Make your meal a memorable–and stylish–one by checking out these clever ideas for how to set your table for Thanksgiving.
1. Bring the outdoors in. Take a stroll around your yard, gathering items from nature that will set an autumnal scene: Branch clippings, fall leaves, pine cones, and acorns are some charming finds.
2. Play with elevation. A flat tablescape can look one-note, so rely on footed serving dishes and dessert stands to add some height and clear a little space below them for shorter items.
3. When in doubt, go with white. Let your scrumptious food be the star by selecting white platters, plates, and bowls. Bonus: You probably already have a bunch of these staples in your cabinets.
4. Score inexpensive table linens. At $2 or $3 a yard, burlap is one of the cheapest fabrics available and plays nicely with a rustic-chic vibe. Get great bang for your buck by trying it as a table runner.
5. Keep candles small. Every host knows candles are a go-to when you want to create a cozy ambiance. Long tapers and substantial pillars are elegant, but compete with taller floral arrangements and can give off a surprising amount of heat. Stick with more petite votives in cute holders for a simpler effect.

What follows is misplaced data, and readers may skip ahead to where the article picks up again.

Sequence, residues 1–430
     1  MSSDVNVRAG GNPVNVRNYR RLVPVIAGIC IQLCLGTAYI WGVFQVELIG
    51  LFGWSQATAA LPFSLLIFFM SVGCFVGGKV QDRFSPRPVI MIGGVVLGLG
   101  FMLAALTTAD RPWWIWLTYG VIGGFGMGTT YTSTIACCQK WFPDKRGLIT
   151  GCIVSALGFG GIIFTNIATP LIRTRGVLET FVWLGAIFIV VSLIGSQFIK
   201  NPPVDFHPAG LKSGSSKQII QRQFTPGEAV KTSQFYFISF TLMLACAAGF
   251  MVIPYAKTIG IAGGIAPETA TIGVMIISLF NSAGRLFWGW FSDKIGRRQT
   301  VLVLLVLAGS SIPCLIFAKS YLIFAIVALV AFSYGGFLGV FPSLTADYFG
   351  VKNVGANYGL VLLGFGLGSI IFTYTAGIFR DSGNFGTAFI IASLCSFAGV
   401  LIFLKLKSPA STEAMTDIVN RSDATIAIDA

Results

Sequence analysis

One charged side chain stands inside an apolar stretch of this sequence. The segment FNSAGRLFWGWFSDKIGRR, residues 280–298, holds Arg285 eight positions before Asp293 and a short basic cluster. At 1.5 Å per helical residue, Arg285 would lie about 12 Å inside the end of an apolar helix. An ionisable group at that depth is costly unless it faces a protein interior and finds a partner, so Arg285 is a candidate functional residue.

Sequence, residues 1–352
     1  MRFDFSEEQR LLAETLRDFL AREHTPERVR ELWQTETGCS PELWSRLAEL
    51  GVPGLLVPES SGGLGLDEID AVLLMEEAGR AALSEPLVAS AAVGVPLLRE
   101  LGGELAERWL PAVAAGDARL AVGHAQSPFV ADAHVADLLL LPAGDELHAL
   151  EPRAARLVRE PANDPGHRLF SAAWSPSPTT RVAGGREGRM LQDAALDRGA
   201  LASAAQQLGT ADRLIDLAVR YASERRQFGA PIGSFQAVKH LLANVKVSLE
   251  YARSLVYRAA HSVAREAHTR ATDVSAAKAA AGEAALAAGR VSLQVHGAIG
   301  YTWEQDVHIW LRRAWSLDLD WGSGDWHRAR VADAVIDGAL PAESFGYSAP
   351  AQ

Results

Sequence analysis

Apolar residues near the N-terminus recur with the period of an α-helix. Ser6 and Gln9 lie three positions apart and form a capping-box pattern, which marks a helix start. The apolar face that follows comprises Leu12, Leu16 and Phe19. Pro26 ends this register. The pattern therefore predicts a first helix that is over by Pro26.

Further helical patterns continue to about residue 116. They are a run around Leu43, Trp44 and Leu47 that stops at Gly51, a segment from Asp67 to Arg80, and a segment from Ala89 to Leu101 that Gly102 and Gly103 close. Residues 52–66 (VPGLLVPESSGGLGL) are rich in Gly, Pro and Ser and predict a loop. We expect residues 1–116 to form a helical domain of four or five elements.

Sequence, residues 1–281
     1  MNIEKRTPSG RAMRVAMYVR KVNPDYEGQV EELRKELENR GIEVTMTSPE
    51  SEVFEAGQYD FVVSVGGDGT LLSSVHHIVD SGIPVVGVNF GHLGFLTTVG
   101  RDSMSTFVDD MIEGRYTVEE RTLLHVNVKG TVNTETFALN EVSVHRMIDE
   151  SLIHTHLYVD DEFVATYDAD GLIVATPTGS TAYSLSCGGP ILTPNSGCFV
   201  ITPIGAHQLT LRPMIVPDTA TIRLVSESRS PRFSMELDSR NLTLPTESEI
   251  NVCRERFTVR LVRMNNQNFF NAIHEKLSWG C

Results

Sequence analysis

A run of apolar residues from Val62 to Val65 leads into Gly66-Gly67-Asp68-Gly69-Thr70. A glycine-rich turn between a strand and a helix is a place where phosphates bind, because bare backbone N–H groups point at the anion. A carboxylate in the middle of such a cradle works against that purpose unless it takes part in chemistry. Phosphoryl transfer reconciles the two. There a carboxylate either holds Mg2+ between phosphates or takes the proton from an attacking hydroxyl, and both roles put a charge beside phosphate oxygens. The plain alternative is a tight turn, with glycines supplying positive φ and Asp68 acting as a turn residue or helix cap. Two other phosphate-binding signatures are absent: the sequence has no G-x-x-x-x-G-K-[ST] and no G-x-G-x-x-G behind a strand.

6. Layer your plates. Chargers may seem like an unnecessarily luxury, but they go a long way toward setting a table for special occasions. Pick up a versatile set in silver and gold, and use them for an infinite number of events to come.
7. Mix (don’t match) colors. Instead of sticking to one hue, it’s much more dynamic to layer in an entire palette of yellows, reds, oranges, and browns.
8. Pre-bundle your silverware. Here’s a task you can do days in advance: Wrap your flatware with napkins and secure with a piece of twine. Place each set on a plate or keep it casual by gathering them in a basket.
9. Let guests help themselves to drinks. Keep a couple carafes of water and wine on the table for easy refills.
10. Double-up on serveware. Passing a piping hot dish is less precarious when it’s set upon another platter or board. This also helps keep serving utensils married to their intended dishes.
Reposted from Catie Parrish
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